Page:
Tile School: Questions about Crazing
We get a lot of questions about our crackle glazes aka crazing (which makes sense, these aren't words that you hear often, if ever). From what these words actually mean to where you can use tiles with a crackle finish - we're addressing your top questions here.
First off, what is crazing?
Over time, a glaze will develop subtle surface cracks, which adds to the natural patina of a handmade tile and we call this crazing or crackle. Crazing is something that happens naturally over time. We're big fans of this effect, so we sped up the process by offering a number of glazes that crackle, or "craze" during kiln firing. Fun fact: You can actually hear the crazing happening when the tile comes of of the kiln.
You can see that we've spread up the process in the glaze below:
Tile Shown: Hawaiian Blue
Where can glazes with crazing be installed?
Glazes with crazing can be installed in nearly any application. There are some limitations with steam showers and pools, but if you're going that route, just give us a call and we'll let you know what will work best.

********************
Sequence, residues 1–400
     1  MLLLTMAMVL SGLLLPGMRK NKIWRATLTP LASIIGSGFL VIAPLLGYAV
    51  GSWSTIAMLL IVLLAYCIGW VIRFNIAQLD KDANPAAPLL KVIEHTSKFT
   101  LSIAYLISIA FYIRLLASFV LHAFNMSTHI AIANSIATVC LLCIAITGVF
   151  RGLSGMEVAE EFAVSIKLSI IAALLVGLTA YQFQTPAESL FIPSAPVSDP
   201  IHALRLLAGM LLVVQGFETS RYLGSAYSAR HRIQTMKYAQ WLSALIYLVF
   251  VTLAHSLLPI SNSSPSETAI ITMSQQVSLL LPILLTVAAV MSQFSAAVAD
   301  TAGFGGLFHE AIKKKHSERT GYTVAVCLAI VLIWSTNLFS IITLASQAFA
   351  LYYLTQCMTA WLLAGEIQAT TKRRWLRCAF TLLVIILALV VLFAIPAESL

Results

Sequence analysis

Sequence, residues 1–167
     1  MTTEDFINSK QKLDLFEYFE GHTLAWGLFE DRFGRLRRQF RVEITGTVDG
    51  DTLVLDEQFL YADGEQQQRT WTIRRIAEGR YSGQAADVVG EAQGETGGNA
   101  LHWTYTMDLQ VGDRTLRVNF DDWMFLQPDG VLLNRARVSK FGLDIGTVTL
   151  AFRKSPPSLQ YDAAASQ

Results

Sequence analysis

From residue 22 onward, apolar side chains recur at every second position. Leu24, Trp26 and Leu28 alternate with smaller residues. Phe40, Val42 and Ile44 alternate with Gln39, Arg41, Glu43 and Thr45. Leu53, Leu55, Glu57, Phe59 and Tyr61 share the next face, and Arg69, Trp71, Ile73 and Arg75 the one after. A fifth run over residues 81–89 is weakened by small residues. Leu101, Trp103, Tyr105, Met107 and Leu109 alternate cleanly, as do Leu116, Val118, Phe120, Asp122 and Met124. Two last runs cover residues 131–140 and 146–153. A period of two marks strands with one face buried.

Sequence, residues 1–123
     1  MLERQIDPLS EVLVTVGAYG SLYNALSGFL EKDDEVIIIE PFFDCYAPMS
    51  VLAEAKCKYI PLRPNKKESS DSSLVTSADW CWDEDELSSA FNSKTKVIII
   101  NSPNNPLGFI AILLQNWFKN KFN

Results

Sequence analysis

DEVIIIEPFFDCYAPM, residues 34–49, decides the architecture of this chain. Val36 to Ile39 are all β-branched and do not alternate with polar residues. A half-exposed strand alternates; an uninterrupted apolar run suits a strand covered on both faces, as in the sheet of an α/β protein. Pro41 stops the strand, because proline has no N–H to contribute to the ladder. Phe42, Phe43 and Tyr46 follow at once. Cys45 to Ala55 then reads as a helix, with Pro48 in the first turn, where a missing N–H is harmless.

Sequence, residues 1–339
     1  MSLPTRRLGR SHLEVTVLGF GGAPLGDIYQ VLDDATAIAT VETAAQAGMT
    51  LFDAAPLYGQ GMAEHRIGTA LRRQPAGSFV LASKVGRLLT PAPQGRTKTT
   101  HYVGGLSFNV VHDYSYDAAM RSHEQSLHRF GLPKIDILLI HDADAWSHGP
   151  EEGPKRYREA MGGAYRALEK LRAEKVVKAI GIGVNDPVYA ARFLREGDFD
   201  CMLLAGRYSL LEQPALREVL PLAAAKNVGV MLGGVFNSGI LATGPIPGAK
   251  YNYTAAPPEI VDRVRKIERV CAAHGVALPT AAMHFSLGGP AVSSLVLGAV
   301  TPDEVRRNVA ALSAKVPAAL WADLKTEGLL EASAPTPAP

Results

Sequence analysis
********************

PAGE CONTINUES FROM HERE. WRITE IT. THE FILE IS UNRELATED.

You can see Hawaiian Blue installed in the kitchen below. Crackle finishes do just fine in heavily used areas, like the kitchen:
Tile Shown: 4x8s in Hawaiian Blue.
Shell, one of our White Clay Body glazes, is a color with crazing. You can see that it can be installed for both wall and floor tile:
Does it affect the strength of the tile at all?
Crazing is something that happens naturally in ceramics and in no way affects the durability of the tile. Over time, your tile may develop a bit of crackle that wasn't there when it was installed initially. Don't fret! This is perfectly normal and your tile is A-ok (more on crazing over time here).
Tile Shown: Ogee Drops in Sea Foam.
Does it require more maintenance?
If you're using one of our White Clay Body glazes with crackle in a bathroom application, please let us know and we will happily seal it for you before it ships out. If you are using one of our Engobe glazes you'll want to seal the tile upon installation if it is in a bathroom setting and it is good practice to re-seal crackle glazes every couple of years. It's important to note, that it's actually your grout, more so than tile, that will require occasional maintenance!
Adriatic Sea, one of our Engobe glazes, was used on both the walls and floor of the bathroom below.
Like any of these colors? Order color samples online now. Need help or still confused about crackle? Simply call, chat or fill out our Design Assistance Form and one of our talented design consultants will get back to you shortly.